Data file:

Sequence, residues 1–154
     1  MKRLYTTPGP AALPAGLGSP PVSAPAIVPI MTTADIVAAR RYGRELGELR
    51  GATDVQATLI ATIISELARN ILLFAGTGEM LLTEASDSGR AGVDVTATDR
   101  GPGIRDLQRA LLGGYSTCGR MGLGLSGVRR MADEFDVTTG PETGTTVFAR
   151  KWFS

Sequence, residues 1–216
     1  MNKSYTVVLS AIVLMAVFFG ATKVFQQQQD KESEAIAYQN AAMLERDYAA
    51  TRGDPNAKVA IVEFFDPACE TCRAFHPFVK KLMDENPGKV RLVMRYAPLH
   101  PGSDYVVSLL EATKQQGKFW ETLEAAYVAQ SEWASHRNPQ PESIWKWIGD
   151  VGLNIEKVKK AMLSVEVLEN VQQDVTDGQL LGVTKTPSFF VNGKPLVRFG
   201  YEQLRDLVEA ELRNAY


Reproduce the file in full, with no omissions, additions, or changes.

Sequence, residues 1–154
     1  MKRLYTTPGP AALPAGLGSP PVSAPAIVPI MTTADIVAAR RYGRELGELR
    51  GATDVQATLI ATIISELARN ILLFAGTGEM LLTEASDSGR AGVDVTATDR
   101  GPGIRDLQRA LLGGYSTCGR MGLGLSGVRR MADEFDVTTG PETGTTVFAR
   151  KWFS

Sequence, residues 1–216
     1  MNKSYTVVLS AIVLMAVFFG ATKVFQQQQD KESEAIAYQN AAMLERDYAA
    51  TRGDPNAKVA IVEFFDPACE TCRAFHPFVK KLMDENPGKV RLVMRYAPLH
   101  PGSDYVVSLL EATKQQGKFW ETLEAAYVAQ SEWASHRNPQ PESIWKWIGD
   151  VGLNIEKVKK AMLSVEVLEN VQQDVTDGQL LGVTKTPSFF VNGKPLVRFG
   201  YEQLRDLVEA ELRNAY